Mr. Isaacs has nothing to do with the FCC hit list for Scammers and "Operation Broken Dreams". Get your facts straight and from sources other than Orberson and his NSM's. You are dead wrong dude.

Unknown said...

Fortune Hi-Tech Marketing lies about its 3A1 D&B rating to entice people to join its pyramid scheme.

See full current report at

Unknown said...

Fortune Hi-Tech Marketing lies about its 3A1 D&B rating to entice people to join its pyramid scheme.

See full current report at

Unknown said...

So many questions and not enough answers. In a world fighting for customers and companies watching over their reputations like a hawk, what do these companies all have in common? I am referring to major Fortune 100 icons like General Electric, DuPont, Time, Verizon Wireless and AT&T as well as some smaller ones like Travelocity, Peter Lamas and BSP Rewards Mall.

The answer is simple, somehow over the past 10 years and probably unbeknownst to them, they became aligned with a Multi-Level Marketing company known as Fortune Hi-Tech Marketing (FHTM). This was mainly accomplished because Fortune Hi-Tech does business with some of their authorized dealers and 3rd party affiliates.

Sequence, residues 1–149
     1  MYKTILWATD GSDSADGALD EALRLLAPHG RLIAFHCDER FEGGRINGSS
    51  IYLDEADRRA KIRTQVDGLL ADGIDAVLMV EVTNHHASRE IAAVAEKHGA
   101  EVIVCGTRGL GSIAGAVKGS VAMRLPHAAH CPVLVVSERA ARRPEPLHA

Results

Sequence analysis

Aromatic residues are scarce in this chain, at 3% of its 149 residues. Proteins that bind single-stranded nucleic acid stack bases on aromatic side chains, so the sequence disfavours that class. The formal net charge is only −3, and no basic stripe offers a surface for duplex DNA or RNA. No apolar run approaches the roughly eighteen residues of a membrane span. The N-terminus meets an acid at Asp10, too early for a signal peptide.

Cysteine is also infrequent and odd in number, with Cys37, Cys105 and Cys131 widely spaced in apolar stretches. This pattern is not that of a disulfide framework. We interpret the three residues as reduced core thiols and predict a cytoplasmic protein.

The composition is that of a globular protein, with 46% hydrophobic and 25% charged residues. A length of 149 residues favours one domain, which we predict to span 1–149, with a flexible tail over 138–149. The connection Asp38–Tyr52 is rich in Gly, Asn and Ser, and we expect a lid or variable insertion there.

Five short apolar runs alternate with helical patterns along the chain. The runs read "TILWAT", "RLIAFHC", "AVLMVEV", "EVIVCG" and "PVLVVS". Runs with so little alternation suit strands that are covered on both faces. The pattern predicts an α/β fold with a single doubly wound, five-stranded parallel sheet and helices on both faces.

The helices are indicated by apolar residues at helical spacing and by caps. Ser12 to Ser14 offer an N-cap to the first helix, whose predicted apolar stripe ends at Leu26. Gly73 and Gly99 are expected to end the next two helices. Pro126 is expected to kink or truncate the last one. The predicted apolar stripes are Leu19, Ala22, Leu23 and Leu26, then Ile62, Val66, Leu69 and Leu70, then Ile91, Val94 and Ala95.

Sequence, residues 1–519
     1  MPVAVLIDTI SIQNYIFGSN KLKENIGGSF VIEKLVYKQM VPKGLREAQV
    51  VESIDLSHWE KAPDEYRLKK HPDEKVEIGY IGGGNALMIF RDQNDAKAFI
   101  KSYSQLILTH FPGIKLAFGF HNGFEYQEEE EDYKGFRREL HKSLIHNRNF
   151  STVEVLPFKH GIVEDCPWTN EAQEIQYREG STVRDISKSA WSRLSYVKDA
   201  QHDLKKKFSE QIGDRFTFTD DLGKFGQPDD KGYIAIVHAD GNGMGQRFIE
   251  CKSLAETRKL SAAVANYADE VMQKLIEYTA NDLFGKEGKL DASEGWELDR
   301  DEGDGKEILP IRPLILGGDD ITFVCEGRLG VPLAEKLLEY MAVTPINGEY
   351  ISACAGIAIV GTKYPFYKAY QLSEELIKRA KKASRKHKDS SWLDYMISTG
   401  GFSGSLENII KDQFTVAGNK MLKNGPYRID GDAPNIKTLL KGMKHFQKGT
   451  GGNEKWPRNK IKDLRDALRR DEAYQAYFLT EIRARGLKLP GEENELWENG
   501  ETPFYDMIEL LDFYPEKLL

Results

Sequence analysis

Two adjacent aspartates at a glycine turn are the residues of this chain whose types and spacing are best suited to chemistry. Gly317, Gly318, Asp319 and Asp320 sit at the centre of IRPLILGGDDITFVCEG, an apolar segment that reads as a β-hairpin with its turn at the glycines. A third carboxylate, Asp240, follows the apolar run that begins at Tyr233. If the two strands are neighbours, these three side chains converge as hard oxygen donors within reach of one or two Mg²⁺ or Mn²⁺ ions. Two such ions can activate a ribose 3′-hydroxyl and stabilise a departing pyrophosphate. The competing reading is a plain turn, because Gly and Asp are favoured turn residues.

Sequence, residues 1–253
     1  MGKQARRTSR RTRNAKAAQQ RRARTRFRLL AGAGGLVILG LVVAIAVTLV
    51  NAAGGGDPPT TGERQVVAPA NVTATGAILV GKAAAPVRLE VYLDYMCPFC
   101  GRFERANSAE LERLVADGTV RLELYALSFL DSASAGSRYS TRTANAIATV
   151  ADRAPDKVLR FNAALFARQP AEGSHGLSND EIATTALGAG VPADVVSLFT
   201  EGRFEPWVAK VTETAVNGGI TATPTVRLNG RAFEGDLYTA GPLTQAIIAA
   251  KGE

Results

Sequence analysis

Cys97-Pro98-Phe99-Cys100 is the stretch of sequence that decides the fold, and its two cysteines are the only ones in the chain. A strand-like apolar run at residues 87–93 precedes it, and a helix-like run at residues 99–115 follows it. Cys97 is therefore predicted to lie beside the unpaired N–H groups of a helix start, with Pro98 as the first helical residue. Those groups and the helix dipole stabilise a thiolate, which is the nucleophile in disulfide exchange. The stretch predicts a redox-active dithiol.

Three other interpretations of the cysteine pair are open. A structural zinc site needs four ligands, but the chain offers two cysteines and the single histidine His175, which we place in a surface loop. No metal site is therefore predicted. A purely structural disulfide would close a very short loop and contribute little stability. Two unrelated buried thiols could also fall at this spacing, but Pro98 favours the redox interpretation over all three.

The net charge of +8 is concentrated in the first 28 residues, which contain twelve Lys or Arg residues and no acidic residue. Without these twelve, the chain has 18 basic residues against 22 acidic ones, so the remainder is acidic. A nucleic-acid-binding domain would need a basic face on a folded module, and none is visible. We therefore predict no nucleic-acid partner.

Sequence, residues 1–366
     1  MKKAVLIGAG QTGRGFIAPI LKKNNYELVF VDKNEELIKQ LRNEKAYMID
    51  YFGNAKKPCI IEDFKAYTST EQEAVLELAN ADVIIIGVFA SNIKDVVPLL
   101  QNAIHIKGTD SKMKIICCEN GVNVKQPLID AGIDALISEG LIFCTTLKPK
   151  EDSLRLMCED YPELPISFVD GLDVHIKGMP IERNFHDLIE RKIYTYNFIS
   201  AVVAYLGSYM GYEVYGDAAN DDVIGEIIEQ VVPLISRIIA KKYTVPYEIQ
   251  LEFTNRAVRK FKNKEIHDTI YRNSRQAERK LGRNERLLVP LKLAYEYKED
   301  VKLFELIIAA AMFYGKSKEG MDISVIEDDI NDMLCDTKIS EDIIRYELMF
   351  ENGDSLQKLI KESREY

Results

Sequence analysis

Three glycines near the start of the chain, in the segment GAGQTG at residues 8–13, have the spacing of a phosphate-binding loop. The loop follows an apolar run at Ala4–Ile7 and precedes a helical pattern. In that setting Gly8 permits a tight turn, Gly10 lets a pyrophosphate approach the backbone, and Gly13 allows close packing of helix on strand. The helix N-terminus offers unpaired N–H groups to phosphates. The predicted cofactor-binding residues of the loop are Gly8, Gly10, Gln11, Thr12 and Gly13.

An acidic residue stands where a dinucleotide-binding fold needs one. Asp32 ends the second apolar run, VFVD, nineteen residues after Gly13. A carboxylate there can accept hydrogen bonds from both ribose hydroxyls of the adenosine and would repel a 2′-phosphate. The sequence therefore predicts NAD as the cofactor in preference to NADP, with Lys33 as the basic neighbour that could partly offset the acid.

Fortune’s attempt to prove it’s legal by association has backfired, as it normally does. It is very difficult to build your reputation at the expense of someone bigger, when they have no idea who you are.

Should these companies have a say in who gets to use their brand in the pursuit of the almighty dollar? For the first time in FHTM’s history the number of companies represented by it on the menu board at is shrinking. How can that be good?

So the important question now remains, why did these huge conglomerates allow their names and reputations to potentially be smeared by a company like FHTM? The answer is simple - they didn’t know what was happening.

According to ex-representative, Joseph Isaacs from Tampa, Florida, “When these companies find out that their trademarks, names, logos and reputations are being used by FHTM in order to aide FHTM in proving its’ legitimacy they will issue a cease or desist, insist on the actions to stop or not allow FHTM to market their products”. Which others will walk when they find out the real business model and litigation history of Fortune Hi-Tech?

As of March 2011 every one of the companies listed above has either issued a cease and desist or no longer allows itself to be aligned with Fortune Hi-Tech Marketing. How has this affected their aura of legitimacy? How do they explain all of this to new and even existing independent representatives?